Some, but not all, parties in the supply chain have agreed to stop importing or marketing non-compliant product.

PIPA approached the Department of Fair Trading in the state of Western Australia — where one importer continues supplying non-conforming fittings — but was referred back to ABCB, which has no control over point-of-sale enforcement.

Heathcote agreed the industry is “stuck in a vicious circle.”


Comments

Australian trade group battles non-compliant PVC pipe fittings

By Kate Tilley
Correspondent

Published: July 28, 2014 2:19 pm ET
Updated: July 28, 2014 2:22 pm ET

Post Your Comments


Back to story


More stories

Image

Proposed green building standard delayed until late 2016

November 27, 2014 6:00 am ET

Anyone not ready for a new green building standard — one that may include more favorable ratings for plastics — is getting something of a ...    More

Image

SPI hopes to build on EPS recycling

November 26, 2014 6:00 am ET

Successfully recycling expanded polystyrene can be a challenge, there's no doubt about that. EPS, however, has value, is in demand and deserves to be ...    More

Image

Onex buying packaging group SIG Combibloc

November 24, 2014 9:05 am ET

ex Corp. will buy SIG Combibloc Group, the Switzerland-based manufacturer of aseptic carton packaging and plastics closures from New Zealand's Rank...    More

Image

Indian plastics group targets waste

November 24, 2014 12:46 pm ET

An Indian plastics environmental group and the country's largest brand for packaged water, Bisleri International Pvt. Ltd., have launched a trial...    More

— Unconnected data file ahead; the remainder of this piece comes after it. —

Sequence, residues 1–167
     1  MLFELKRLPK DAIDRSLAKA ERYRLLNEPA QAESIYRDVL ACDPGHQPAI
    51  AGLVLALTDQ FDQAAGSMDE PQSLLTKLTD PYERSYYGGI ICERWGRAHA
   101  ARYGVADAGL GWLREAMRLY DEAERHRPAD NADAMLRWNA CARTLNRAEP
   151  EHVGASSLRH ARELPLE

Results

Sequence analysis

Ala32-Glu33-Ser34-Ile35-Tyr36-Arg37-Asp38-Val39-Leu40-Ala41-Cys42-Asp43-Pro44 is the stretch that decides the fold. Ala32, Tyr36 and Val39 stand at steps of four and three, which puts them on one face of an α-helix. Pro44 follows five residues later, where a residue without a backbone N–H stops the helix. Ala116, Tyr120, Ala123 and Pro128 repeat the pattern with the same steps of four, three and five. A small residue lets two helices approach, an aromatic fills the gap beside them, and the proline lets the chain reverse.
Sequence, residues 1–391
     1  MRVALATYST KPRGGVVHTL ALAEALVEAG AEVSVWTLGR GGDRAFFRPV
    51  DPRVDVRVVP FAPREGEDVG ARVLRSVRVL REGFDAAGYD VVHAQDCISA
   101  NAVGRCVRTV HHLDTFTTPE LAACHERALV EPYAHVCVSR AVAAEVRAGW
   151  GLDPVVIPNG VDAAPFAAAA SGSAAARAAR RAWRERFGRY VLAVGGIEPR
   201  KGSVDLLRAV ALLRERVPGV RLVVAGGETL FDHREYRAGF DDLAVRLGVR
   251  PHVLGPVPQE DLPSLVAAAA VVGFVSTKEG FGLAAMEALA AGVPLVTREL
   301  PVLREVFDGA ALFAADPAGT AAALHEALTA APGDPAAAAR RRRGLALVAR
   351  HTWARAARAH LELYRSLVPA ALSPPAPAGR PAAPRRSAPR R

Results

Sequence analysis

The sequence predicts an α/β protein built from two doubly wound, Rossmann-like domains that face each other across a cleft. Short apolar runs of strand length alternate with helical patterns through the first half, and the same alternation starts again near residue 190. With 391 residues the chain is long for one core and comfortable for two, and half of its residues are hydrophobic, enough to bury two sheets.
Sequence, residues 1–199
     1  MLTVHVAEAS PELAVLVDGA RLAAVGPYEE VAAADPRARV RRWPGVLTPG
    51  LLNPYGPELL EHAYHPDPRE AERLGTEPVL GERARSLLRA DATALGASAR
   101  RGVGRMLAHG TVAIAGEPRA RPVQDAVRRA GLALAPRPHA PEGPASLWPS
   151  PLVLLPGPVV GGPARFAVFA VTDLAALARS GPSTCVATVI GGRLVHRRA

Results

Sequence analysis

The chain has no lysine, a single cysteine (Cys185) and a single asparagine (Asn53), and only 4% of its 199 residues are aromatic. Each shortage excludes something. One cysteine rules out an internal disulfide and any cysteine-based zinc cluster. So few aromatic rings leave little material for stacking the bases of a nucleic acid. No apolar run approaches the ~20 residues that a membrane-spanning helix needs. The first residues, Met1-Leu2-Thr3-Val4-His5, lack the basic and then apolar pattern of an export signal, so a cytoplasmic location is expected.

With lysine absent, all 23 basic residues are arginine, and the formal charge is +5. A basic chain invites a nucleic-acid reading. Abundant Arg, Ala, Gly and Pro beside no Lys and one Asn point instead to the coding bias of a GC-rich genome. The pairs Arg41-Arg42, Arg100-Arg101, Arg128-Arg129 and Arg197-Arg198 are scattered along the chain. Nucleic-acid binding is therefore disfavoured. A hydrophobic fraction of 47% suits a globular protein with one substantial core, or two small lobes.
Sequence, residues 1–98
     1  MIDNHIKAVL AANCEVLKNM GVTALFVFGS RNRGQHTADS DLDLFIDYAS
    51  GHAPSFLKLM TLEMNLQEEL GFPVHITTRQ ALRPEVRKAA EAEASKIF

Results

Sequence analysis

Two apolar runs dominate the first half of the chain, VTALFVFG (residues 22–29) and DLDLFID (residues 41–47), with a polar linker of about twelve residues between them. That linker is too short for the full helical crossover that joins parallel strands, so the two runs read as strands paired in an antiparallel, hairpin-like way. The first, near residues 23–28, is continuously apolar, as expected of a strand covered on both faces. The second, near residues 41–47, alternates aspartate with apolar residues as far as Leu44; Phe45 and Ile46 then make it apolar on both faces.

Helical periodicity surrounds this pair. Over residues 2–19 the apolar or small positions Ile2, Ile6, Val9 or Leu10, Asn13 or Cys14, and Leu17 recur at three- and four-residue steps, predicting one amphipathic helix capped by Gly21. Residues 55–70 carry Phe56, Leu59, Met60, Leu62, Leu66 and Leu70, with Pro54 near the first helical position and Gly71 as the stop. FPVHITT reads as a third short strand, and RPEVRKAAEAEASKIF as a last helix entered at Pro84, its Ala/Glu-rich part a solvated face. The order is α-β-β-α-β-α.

Image

Wilbur Ross steps down from IAC board

November 24, 2014 11:38 am ET

Financier Wilbur Ross Jr. has resigned from the boards of International Automotive Components Group SA and its subsidiaries due to new regulatory rest...    More

Market Reports

Plastics Caps & Closures Market Report

The annual recap of top trends and future outlook for the plastics caps & closures market features interviews with industry thought leaders and Bill Wood’s economic forecast of trends in growing end markets. You will also gain insight on trends in caps design, materials, machinery, molds & tooling and reviews of mergers & acquisitions.

Learn more

Plastics Recycling Trends in North America

This report is a review and analysis of the North American Plastics Recycling Industry, including key trends and statistics based on 2013 performance. We examine market environment factors, regulatory issues, industry challenges, key drivers and emerging trends in post-consumer and post-industrial recycling.

Learn more

Plastics in Mexico - State of the Industry Report

This report analyzes the $20 billion plastics industry in Mexico including sales of machinery & equipment, resins and finished products.

Our analysts provide insight on business trends, foreign investment, top end markets and plastics processing activity. The report also provides important data on exports, production, employment and value of plastics products manufactured.

Learn more

Upcoming Plastics News Events

January 14, 2015 - January 14, 2015Plastics in Automotive

February 4, 2015 - February 6, 2015Plastics News Executive Forum 2015

June 2, 2015 - June 3, 2015Plastics Financial Summit - Chicago 2015

September 16, 2015 - September 18, 2015Plastics Caps & Closures - September 2015

October 27, 2015 - October 29, 2015Plastics Financial Summit - New York - 2015

More Events